Thanks to some mostly-online conversations, I’ve been thinking recently about how we talk with the gods, how they talk to us, what it means to have those conversations. Much of the work we do in ritual is mediated: there are prayers, there are offerings. We pull an omen; the seer interprets it. This is certainly communication, but it’s markedly different from the sort of direct verbal communication that we have every day with the people we encounter in our lives. And I think that for most of us, raised in the often-distanced cultural context of the modern monotheist religions, that sort of of direct verbal communication feels, by default, a part of the mythic past: maybe once people spoke with the gods, but certainly not now.
But that’s simply not true; many people do talk with the gods. I know I do.
And I don’t mean talk to the gods, a monodirectional stream of thoughts and prayers where responses, if they come at all, are abstract, obscure, indirect. That definitely happens, but here I mean talk with, true bidirectional conversations with question and answer, statement and response. I am, to be completely honest, rather unsettled by this fact. Normal people don’t talk with gods; normal people don’t hear the voice of their gods, and certainly don’t respond to them. That’s the stuff of dissociative mental illness. And yet: I’m rather even-keeled, and deeply skeptical of… well, everything. This is rather outside my normal, material life. And so I actively fight with the voices I hear in my prayerful mind, pushing back against them as narcissistic mutterings, my brain muttering to itself the things it wants to hear. And sometimes that dispels the thought, melting it like so much cotton candy. But equally as often, the voice pushes back, often with self-aware amusement: yeah, they’ve seen this before. And as I go forward on this path, I have to push back less: not that I stop hearing the imaginative mutterings of my brain, but rather that I’m better able to discern a true speaking; it feels a certain way.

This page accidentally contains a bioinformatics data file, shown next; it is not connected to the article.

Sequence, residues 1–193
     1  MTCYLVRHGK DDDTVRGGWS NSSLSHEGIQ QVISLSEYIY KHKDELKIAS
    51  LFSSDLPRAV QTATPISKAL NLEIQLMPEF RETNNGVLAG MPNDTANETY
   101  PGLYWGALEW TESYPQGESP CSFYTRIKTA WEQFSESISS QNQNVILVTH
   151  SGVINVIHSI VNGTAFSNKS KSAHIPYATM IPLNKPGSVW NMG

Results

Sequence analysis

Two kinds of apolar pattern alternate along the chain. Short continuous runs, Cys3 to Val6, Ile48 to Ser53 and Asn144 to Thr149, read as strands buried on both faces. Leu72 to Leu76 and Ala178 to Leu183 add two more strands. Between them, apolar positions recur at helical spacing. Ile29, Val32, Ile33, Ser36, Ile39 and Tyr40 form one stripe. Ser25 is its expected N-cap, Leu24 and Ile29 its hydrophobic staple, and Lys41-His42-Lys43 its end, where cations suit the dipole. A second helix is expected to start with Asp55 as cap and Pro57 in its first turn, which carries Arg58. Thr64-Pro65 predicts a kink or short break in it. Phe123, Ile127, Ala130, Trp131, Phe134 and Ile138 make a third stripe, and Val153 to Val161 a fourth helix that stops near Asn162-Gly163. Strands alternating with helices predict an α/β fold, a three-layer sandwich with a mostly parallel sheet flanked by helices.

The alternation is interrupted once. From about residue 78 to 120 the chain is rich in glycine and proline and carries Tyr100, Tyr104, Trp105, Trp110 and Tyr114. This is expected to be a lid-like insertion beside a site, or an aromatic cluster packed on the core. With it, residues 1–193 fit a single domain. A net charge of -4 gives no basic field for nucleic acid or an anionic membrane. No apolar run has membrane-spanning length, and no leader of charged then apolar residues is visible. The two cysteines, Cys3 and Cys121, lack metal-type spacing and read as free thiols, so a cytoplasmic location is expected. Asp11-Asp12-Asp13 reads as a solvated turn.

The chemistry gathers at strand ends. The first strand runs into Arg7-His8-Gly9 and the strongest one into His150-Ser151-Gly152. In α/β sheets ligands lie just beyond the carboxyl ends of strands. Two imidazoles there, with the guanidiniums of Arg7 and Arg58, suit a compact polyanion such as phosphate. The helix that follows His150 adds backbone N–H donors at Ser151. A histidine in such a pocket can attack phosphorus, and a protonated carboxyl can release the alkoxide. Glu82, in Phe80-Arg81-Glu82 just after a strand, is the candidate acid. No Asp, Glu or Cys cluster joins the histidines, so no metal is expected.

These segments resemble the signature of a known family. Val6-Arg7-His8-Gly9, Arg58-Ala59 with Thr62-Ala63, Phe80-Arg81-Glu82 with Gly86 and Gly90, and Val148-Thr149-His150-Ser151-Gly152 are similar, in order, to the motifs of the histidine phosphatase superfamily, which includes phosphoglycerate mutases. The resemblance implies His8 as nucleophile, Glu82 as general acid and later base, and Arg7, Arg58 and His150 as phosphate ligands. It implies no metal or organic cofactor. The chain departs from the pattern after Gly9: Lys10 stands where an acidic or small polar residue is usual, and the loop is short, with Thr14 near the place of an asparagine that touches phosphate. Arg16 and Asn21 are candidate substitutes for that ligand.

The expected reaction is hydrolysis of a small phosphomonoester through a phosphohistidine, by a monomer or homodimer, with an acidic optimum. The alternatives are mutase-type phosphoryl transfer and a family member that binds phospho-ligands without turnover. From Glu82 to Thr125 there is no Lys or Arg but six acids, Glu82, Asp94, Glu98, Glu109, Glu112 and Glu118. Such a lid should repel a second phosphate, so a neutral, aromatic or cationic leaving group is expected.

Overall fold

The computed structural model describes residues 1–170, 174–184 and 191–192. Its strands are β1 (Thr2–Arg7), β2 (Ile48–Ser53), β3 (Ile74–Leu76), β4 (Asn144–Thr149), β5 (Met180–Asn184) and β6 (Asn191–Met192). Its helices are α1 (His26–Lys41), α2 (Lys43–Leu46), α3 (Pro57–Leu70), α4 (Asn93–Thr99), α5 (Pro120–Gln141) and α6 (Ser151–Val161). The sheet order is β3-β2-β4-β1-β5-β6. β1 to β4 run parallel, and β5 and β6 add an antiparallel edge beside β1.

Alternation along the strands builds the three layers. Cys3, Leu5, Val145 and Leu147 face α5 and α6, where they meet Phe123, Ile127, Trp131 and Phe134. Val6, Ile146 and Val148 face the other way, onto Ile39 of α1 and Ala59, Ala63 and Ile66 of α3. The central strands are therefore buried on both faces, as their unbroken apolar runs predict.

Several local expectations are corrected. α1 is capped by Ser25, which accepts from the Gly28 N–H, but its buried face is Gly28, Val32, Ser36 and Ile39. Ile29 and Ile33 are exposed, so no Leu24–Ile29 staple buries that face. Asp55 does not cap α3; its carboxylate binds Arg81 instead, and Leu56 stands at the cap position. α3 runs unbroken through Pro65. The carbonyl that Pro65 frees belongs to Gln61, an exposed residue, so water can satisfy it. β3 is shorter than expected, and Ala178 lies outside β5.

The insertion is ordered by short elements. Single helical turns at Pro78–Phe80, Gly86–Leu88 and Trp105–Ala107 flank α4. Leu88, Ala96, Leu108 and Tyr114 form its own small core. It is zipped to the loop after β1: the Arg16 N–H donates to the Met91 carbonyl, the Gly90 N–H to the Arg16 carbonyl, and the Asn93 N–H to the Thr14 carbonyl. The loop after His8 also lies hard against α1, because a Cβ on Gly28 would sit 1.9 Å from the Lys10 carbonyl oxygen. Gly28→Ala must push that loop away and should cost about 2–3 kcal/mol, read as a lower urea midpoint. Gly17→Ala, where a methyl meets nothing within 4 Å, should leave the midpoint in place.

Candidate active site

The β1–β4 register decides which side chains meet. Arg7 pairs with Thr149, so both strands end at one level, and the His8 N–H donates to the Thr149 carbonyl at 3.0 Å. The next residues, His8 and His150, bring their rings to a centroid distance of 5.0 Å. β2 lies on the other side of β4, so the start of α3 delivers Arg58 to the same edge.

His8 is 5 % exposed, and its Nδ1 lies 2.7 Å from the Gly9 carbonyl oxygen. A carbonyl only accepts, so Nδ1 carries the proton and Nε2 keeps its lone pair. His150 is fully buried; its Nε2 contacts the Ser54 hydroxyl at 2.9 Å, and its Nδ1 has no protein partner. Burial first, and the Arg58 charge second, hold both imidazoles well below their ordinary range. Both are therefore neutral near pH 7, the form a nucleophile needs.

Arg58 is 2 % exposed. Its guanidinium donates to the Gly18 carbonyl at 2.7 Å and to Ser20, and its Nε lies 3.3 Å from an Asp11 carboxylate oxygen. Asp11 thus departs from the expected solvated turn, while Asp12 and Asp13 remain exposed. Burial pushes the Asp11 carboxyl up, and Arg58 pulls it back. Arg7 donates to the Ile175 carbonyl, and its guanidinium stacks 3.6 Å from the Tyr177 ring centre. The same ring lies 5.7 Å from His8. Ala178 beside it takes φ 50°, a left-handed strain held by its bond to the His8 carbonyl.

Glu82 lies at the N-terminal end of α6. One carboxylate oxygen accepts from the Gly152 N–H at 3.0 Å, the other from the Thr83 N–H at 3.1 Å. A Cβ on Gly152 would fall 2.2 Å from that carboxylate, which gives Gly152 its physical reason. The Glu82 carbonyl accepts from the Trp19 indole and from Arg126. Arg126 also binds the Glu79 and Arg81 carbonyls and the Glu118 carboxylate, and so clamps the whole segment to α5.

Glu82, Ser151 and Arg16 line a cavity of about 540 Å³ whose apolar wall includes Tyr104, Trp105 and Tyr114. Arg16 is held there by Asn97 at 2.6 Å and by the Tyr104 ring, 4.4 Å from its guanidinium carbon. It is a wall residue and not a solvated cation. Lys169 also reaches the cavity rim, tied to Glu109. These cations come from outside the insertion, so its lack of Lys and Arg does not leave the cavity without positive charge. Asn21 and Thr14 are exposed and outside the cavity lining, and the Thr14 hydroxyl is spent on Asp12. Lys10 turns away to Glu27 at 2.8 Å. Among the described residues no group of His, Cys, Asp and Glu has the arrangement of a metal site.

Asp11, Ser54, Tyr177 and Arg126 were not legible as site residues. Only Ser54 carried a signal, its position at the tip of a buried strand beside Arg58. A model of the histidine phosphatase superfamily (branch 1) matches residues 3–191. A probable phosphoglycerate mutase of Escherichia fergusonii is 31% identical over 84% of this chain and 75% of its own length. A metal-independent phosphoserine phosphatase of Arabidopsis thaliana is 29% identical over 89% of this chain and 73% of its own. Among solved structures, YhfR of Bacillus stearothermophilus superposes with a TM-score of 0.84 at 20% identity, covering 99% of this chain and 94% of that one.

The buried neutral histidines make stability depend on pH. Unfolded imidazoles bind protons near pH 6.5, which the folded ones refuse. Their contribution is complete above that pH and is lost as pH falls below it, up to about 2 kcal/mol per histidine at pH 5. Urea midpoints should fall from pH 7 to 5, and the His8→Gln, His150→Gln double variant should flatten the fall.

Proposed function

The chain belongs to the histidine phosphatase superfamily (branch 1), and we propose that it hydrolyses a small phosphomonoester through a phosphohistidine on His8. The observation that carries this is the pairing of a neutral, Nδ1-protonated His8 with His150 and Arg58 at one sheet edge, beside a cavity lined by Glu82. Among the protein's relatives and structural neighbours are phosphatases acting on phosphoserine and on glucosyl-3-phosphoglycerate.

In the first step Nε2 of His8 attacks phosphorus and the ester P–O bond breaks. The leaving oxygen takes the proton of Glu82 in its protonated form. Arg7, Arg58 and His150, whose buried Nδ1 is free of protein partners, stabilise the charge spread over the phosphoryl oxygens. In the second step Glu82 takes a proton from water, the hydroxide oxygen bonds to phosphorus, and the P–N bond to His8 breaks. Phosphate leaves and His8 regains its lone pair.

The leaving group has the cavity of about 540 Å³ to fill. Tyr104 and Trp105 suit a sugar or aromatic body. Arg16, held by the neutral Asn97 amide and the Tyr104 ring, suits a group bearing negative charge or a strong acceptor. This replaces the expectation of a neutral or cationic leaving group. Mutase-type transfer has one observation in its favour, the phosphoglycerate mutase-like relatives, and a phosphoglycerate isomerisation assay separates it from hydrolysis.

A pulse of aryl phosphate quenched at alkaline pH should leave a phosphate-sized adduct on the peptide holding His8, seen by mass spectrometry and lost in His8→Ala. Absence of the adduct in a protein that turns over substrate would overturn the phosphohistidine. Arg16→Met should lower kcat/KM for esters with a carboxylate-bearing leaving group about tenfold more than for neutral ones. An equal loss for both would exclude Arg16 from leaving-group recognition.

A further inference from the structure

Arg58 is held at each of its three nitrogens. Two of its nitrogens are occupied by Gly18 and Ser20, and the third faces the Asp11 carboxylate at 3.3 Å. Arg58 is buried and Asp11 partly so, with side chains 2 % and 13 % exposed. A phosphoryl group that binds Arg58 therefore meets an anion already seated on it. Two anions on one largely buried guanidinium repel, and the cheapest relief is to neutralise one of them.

And I wish I’d known this when I started. I wish I’d seen more frank discussion of talking with gods, so that I’d know, when it happened, that while my skepticism was a very good thing, I also was allowed to keep open that sliver of possibility! But we often keep this all hidden. I can’t speak to others’ reasons, though I can guess at them, but for myself: I have feared being judged, that friends, family, coworkers would be worried or — gods forbid — think less of me as some kind of idiot who believes in fairy tales.
And I suppose I still fear that judgment. But to a certain extent I’ve taken away my own escape route, sometimes purposefully sometimes accidentally: I write this blog under my own name. I make no secret of myself at public ritual. I ‘out’ myself pretty consistently, discussing weekend plans with coworkers. On a Google search, and even more a YouTube search, my ADF work is very well represented. That genie won’t go back in its bottle. So I’m trying to write about these and other ‘woo’ experiences more forthrightly, in hopes that some future, skeptical seeker might read my words and know that, yes, you can be a rational, skeptical person who believes in the importance of a secular society, the centrality of the scientific method to materialist knowledge building, etc etc. And yet, you can also talk to gods, can know that there are forms of knowledge creation that are simply not the province of science, can embrace a crumbling of the walls between modernity and magic. You’re experiencing a real thing.
This was all supposed to be preamble to a post about a particular conversation I had with Manannán, but I’ve somehow gone on for 650 words already. Next time, then.
Header image: “The Dish” by Luke Chapman/Flickr. License: CC BY-NC-ND.